If you are carrying a multimedia mobile - say, a Nokia 6600 or anything fancier - you need to know this: Airtel and Hutch are rubbing their palms in anticipation of your turning into an all-out song download junkie.
The big news now is that it's "full song" downloads being offered by rival services kicked off by the two operators, and that could make all the difference. Especially to those who see half clips and half tones as compromises all too weak to bother with.
Both Airtel and Hutch are offering the service through WAP portals, which can be accessed easily at retail outlets (of which Airtel has a lakh). Handset players are pushing things along, convinced that the "iPod" market opportunity is theirs for the asking - if only the sound quality and download library can be matched.
The new handsets are quite good, and Airtel, with 75 million music downloads logged since 2004, claims a library of 18,000 songs (just around 200 for full download, though).
The later entrant Hutch has an equivalent full-song library, and hopes to close in on Airtel on the others by year-end. Ask Naveen Chopra, chief marketing officer, Hutch, about Hutch's USP, and "our service would speak for itself" is what you hear.
The service premiers with the music of Krissh, in association with Hungama Mobile and Filmkraft, and is compatible with some nine popular Nokia handsets "that are being used by more than 5 lakh Hutch customers". The price, however, is a steep Rs 20 per song. Ditto Airtel.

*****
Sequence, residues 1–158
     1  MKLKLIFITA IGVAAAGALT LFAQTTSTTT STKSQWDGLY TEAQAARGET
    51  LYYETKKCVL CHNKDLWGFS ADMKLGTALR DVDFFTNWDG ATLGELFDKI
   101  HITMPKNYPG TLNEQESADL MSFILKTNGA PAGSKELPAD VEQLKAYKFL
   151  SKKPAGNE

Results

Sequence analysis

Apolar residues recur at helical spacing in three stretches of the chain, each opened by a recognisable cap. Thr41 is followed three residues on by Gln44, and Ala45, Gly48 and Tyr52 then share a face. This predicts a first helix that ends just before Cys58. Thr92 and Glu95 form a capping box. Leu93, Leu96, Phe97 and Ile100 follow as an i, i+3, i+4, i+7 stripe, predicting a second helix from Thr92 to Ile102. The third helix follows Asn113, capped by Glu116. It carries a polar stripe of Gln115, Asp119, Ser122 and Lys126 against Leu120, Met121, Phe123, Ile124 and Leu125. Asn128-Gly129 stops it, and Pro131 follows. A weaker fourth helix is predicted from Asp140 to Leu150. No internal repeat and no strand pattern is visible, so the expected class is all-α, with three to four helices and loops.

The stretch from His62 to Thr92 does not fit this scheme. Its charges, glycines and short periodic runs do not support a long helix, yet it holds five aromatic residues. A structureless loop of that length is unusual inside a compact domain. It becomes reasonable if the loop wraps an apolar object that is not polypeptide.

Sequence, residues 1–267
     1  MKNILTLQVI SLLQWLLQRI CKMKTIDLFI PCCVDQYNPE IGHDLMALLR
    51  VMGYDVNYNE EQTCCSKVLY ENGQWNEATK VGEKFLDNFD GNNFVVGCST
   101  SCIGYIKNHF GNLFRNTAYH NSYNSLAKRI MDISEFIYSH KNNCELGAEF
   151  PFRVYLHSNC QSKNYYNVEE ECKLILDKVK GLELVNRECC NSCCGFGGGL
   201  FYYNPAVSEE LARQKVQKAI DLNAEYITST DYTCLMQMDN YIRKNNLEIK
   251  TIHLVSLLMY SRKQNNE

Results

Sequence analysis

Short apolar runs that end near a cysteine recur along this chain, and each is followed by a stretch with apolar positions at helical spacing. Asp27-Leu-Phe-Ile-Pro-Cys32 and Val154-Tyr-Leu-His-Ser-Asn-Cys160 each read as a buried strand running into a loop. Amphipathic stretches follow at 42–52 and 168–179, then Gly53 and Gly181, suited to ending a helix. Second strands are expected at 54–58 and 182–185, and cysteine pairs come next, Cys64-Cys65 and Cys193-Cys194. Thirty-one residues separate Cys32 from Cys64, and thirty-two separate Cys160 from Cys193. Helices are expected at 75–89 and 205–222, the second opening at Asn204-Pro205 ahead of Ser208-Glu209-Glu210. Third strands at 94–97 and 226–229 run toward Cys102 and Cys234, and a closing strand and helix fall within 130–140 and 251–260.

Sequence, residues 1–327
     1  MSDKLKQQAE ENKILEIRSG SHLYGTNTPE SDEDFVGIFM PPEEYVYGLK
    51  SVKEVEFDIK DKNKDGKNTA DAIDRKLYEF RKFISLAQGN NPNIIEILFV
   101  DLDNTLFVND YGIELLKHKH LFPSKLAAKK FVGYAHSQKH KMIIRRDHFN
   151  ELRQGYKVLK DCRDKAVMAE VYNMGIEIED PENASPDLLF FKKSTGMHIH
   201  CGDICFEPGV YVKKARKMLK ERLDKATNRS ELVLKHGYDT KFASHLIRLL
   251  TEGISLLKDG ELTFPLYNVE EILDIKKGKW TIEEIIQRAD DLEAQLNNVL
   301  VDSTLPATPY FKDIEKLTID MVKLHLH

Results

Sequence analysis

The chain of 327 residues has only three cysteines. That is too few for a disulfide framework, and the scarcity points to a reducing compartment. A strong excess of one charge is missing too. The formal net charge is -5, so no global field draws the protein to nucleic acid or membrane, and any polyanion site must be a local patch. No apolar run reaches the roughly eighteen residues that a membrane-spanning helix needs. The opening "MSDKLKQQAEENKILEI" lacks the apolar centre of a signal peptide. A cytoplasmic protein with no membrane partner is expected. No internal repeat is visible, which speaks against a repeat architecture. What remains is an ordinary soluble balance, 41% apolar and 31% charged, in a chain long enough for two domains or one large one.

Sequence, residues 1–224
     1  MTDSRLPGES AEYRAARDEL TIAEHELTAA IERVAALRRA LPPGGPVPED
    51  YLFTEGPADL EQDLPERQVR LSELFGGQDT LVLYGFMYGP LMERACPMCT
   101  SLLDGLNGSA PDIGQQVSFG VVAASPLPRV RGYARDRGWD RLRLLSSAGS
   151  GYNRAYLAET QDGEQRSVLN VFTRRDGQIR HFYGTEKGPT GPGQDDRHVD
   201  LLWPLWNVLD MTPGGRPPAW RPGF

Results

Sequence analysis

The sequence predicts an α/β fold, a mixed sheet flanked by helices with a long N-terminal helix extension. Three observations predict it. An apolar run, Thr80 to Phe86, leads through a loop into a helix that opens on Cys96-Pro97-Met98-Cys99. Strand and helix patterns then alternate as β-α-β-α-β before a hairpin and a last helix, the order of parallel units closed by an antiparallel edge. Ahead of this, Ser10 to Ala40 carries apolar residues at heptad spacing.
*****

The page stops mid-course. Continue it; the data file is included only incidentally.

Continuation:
So: is it really as big an opportunity as Hutch and Airtel think?
After all, the serious music fan is into Internet MP3-format music downloads, which offer speed at lower cost and with wider choice. Of course, mobile music is good for impulse purchases - especially of the referral kind (a friend wants you to hear it straightaway).
But the "sharing" of music peer-to-peer makes the music industry fearful of Napsterisation (illegal sharing, that is), an issue that has scared music labels across the world off mobile operators. Why should India be any different?
Hutch has an answer. "A user has to install a dedicated music player on his handset before he can listen to songs," says Chopra, "This way we ensure that the user is firmly rooted and is on a legal platform while downloading songs."
The songs, he adds, cannot be shared wirelessly unless the user confirms a few technical checkpoints that are unique to every mobile user. (Pssst: Bluetooth hacks have a different story to tell).
At the end, it would have to be ease-of-use that gives mobile music marketers an edge over the alternatives. And, perhaps, the power of package pricing ("take this, get downloads free").
Don't be surprised if you hear someone humming "All I ever wanted... all I ever needed, is ... in my cell phone" down the corridor.